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RECORDING OF THE MONTH
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Giacomo PUCCINI (1858-1924)
Turandot - opera in three acts (1924, completed Franco Alfano, 1926)
Turandot - Mlada Khudoley
Altoum - Manuel von Senden
Timur - Michail Ryssov
Calaf - Riccardo Massi
Liù - Guanqun Yu
Ping - Andrè Schuen
Pang - Taylan Reinhard
Pong - Cosmin Ifrim
A Mandarin - Yasushi Hirano
Prague Philharmonic Choir, Bregenz Festival Choir,
Children’s Choir of the Musikschule Bregenz-Stadt,
Vienna Symphony Orchestra/Paolo Carignani
Production:
Stage direction and Set design: Marco Arturo Marelli
Costume design: Constance Hoffman
Lighting design: Davy Cunningham
Stunt and action choreographer: Ran Arthur Braun
Video design: Aron Kitzig
Sound design: Gernot Gögele, Alwin Bösch
Video direction: Felix Breisach
Dramaturgy: Olaf A. Schmitt
rec. live, July 2015 Seebühne (Floating stage), Bregenz Festival, Austria
Filmed in high definition
Picture Format: NTSC - 1080i High Definition/16.9 - All Regions
Sound formats:
Stereo: LPCM 2.0ch, 48 kHz/24 bit
Surround Sound: DTS-HD Master Audio 5.0ch, 48 kHz
Original language Italian. Subtitles: German, English, French, Spanish, Korean, Chinese, Japanese
C MAJOR Blu-ray 731504 [125.00]

Each summer the Bregenz Festival with its vast floating stage on Lake Constance attracts large audiences. They seat approaching 7,000 people in the open-air auditorium on the shore. Since December 2003 David Pountney had been artistic director of the Bregenz Festival but has now moved to Welsh National Opera being replaced by Elisabeth Sobotka at the start of 2015.

I’m not sure how satisfactorily the huge Bregenz audience on their hard plastic seating experienced the view of the stage and the sound emitted from a large number of speakers. This newly released Blu-Ray of Turandot provides the best seat in the house. Incidentally a scene from the James Bond film Quantum of Solace (2008) was filmed at the Bregenz Festival during a performance of Tosca and contains an interesting view of the floating stage and an appreciation of the grand scale of the on-shore auditorium.

Of all the Puccini operas Turandot seems particularly well suited to spectacular and more lavish productions. This magnificent Marco Arturo Marelli staging certainly lives up to that. A couple of months ago I attended a Deutsche Oper production of Turandot in Berlin directed by Lorenzo Fioroni. It felt like a bargain basement mise-en-scène, tired and slapdash but thankfully Puccini’s magnificent score shone through the obscuring murk like a beacon.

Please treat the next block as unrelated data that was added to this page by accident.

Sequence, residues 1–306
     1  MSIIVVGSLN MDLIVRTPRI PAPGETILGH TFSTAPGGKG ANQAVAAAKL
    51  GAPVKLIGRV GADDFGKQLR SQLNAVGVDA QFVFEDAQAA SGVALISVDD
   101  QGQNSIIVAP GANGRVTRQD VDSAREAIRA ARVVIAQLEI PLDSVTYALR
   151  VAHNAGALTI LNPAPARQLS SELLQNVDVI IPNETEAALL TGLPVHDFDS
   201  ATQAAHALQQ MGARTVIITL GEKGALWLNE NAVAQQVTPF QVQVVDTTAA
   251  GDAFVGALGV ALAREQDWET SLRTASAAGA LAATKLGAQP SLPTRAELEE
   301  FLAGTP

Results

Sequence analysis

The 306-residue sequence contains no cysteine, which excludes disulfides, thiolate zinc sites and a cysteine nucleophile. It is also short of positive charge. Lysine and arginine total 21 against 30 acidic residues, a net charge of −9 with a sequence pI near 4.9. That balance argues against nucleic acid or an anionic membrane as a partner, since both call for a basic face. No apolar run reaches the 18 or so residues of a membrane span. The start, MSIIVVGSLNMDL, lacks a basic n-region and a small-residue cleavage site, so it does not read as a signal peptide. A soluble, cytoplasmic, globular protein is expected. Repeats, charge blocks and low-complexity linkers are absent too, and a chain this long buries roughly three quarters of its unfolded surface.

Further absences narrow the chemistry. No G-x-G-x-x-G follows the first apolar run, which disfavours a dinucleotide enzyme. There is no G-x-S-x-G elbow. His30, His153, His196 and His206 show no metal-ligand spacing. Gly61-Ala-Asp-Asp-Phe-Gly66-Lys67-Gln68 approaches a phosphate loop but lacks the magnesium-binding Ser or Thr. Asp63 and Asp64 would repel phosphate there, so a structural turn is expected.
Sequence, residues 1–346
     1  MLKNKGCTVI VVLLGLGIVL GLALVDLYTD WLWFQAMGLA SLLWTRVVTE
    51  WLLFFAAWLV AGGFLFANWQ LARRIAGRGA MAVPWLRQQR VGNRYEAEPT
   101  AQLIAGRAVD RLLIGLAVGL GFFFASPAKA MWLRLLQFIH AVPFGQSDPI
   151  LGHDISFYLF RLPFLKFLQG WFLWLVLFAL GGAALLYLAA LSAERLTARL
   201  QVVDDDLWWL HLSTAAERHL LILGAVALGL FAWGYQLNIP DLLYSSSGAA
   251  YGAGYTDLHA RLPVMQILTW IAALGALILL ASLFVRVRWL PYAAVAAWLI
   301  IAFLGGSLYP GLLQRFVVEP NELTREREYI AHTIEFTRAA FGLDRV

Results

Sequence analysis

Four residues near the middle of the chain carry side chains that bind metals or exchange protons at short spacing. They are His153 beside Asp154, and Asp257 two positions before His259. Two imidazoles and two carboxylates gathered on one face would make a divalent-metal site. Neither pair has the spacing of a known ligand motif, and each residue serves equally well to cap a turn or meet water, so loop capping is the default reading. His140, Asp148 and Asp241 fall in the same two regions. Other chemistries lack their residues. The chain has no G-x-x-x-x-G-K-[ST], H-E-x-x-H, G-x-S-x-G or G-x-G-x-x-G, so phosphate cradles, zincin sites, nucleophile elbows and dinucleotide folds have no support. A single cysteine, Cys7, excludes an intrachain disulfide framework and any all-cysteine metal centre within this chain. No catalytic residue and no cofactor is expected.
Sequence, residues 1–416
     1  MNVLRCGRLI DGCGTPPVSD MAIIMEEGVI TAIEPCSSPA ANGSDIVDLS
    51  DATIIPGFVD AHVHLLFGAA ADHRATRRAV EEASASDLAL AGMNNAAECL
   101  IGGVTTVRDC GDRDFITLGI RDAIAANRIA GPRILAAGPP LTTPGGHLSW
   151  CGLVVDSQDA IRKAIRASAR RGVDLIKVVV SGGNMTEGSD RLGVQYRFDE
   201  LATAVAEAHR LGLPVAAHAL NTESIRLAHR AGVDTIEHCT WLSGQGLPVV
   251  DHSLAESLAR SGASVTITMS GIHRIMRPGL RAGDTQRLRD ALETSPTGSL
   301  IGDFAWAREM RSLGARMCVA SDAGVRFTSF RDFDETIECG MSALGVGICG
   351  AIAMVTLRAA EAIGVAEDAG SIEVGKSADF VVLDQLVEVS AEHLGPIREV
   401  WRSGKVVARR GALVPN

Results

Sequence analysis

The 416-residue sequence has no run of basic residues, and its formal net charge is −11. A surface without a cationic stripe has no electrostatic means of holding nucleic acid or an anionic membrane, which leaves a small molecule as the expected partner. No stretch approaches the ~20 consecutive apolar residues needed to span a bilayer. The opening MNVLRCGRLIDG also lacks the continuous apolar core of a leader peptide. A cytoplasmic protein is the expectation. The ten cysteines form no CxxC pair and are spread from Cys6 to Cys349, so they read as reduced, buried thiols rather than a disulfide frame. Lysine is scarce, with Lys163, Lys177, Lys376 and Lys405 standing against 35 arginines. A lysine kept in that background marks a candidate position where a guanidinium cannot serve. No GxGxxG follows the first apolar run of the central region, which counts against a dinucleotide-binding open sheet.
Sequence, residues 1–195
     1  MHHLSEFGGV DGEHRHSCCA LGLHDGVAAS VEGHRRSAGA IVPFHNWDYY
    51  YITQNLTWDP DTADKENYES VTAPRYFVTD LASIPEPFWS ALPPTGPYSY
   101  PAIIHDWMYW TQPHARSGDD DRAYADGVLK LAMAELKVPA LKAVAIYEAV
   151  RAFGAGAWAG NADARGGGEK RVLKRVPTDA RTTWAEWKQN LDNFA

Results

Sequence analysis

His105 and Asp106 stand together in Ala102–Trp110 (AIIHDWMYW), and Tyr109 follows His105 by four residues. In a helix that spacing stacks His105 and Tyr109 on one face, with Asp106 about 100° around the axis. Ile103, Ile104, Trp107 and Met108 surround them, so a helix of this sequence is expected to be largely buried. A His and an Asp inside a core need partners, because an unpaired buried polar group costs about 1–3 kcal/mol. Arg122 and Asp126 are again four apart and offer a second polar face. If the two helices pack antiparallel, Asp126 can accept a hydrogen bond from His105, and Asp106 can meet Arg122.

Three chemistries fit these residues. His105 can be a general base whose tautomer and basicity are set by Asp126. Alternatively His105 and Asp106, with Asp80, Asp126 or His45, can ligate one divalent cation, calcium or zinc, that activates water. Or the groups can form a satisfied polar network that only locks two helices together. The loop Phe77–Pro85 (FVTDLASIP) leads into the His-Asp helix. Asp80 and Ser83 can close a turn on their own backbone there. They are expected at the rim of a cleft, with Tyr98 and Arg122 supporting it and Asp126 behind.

Here at Bregenz on the floating stage Marelli replicates the Great Wall of China and a life-size terracotta army, creating an outdoor visual and audio spectacular. It won the International Opera Award 2015 in the category Festival of the Year. The brightly lit wall in a dragon shape has battlements and two towers made of large blocks in steel and wood. It is terracotta in colour being 72 metres long by 27 metres high. Watching over the proceedings are over 200 worn grey terracotta warriors stood on the battlements and in the water. Taking a year from conception to final assembly the wall is constructed from 29,000 pieces of steel and wood weighing in at 335 metric tons. Marelli’s production commences by collapsing a complete section of the wall. The stage is ingeniously fashioned and there is a giant circular LED screen used to transmit various images over the stage consistently and effectively throughout the production. With the stage open to the elements, at times it was possible to see rain drizzling on the performers and the breeze blowing banners and performer’s robes. Not surprisingly the performers were wearing microphones.

Started in 1920 Puccini died before he finished composing the final act of Turandot. Set to a libretto in Italian by Giuseppe Adami and Renato Simoni it was Franco Alfano, a pupil of Puccini who completed the opera with its première given in 1926 at La Scala, Milan. In brief, the plot involves Princess Turandot who has avowed that no man shall marry her unless he can correctly answer three riddles with failure resulting in beheading. Entranced by Turandot’s beauty Prince Calaf takes up the challenge determined to win her love. Incidentally in front of a television audience of millions it was tenor Luciano Pavarotti who famously sang Calaf’s aria Nessun Dorma at the 1990 FIFA World Cup. A recording of Pavarotti’s version of Nessun Dorma was used as the theme for the television coverage - all helping to make the aria even more celebrated.